A Knife in the Gut

Catchy title, eh? My knife in the gut today, is discussing book reviews. Okay, all of you non-writing people whose eyes glazed over due to boredom, and plan to click off and move on to Facebook’s newest profound proverb,


If you’re an avid reader, you should know this: Authors need reviews. There, I said it. Yes, we NEED reviews. Not to stroke our fragile egos, not even to sell more books, although it can help, but reviews seem the only way to get up and coming authors the required promotion on sites which carry our work.


Since the evolution and ease of self-publishing, the competition is fierce, and not always fair. This is true for newbies and many pre-indie pub old timers, who back in the day, say four years ago, the big boys of traditional publishing houses had a lot of pull on how well a book advanced. Today, almost EVERYONE in the publishing world is scrambling to get their books noticed.


Authors beg anyone who reads their work for a review. Manuscripts or arc’s are sent to professional review sights. Some writers pay big bucks just to have their book covers on a website, so perhaps a reader will request a copy, which they will get free, and maybe they’ll leave a review. This is not a cheap venture. We’re talking $500 to $600 for a limited time, with the high risk of not earning a return.

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Authors are doing handstands while they juggle flaming knives with their feet to find an audience. It’s not an easy task, my friends. It’s daunting and overwhelming, particularly when we’d rather be working on our next greatest novel.

I know what you’re thinking because I’ve thought it myself many times; it’s a pain in the ass to log on or worse sign up and become a member to one of these sights, then you have to answer a ton of inane questions just to swipe over a few stars and write, “Great read.”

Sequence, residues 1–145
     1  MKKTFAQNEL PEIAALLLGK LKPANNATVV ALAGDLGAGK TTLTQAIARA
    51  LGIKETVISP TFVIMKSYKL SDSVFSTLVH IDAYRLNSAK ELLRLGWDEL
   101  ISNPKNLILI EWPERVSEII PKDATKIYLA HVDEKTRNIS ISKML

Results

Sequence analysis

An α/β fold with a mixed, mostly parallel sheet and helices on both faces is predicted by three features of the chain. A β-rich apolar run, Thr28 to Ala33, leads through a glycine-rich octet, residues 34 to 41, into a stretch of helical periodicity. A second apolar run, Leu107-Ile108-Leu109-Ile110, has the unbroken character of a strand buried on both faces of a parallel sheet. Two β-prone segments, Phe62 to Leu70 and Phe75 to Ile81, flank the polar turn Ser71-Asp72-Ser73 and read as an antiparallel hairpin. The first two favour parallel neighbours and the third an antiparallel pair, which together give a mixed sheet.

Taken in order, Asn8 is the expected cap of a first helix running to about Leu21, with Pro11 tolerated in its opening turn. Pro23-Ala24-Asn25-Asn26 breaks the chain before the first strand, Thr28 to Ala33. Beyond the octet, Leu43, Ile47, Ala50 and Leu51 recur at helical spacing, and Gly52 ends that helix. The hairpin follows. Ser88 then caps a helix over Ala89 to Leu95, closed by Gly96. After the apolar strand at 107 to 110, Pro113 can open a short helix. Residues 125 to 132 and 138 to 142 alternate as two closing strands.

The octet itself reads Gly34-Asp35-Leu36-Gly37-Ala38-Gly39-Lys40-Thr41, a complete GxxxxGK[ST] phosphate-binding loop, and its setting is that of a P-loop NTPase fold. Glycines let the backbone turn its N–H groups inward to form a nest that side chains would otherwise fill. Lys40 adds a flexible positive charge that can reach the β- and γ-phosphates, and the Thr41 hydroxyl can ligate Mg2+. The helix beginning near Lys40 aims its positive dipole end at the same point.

But it helps. Even if we can’t tell you in person, your time, and efforts are appreciated.

Okay, a dilemma. What happens if you don’t like the book. Sigh. Then strike everything I said above. Don’t leave a review. I’m aware, there are tons of unedited books out there, full of misspellings, formatted incorrectly or plain crappy storytelling. It makes me want to scream, especially when I see a number of five star reviews. I want to scrawl across the page, ARE YOU KIDDING ME???

But you know what? It’s not worth it. I’m not trying to squelch your first amendment rights, but…2016-10-16-5

Imagine you’ve worked on a project five years. Once it’s completed, you send it out into the world where everyone can view it. A piece of your soul is in that work. Someone you’ve never met to rips it apart because that’s how they get their jollies and it isn’t cool. I’m here to tell you, even if you know they’re a troll, it doesn’t take away the sting.

If you feel the need to comment on a poorly written book, then please, find something positive to say–the blue on the cover is a nice shade, but this story isn’t my cup of tea. And give them three stars.

So, dear friends, one more comment, and I’m off my soap box. Whatever your currently reading, if you’re drawn into another world where you’re a spy or a hit man or you’ve met the man of your dreams, let the author know.

Leave them a review. Promise, it won’t hurt a bit.2016-10-16-6

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Hey Hey, what? They’re still around?

Guilty pleasure confession. I love The Monkees. Roll your eyes if you want, but 2016 celebrates their 50 years together. Still going after a half century shouts that I’m not alone, and many feel the same as me.


I can’t remember the first time I watched the show or heard the Monkees sing, but here’s a little history. In 1965, over 400 people responded to an ad seeking young men for a new television show about a rock group called The Monkees. The Monkees, starring Davy Jones, Micky Dolenz, Michael Nesmith, and Peter Tork premiered on September 12, 1966.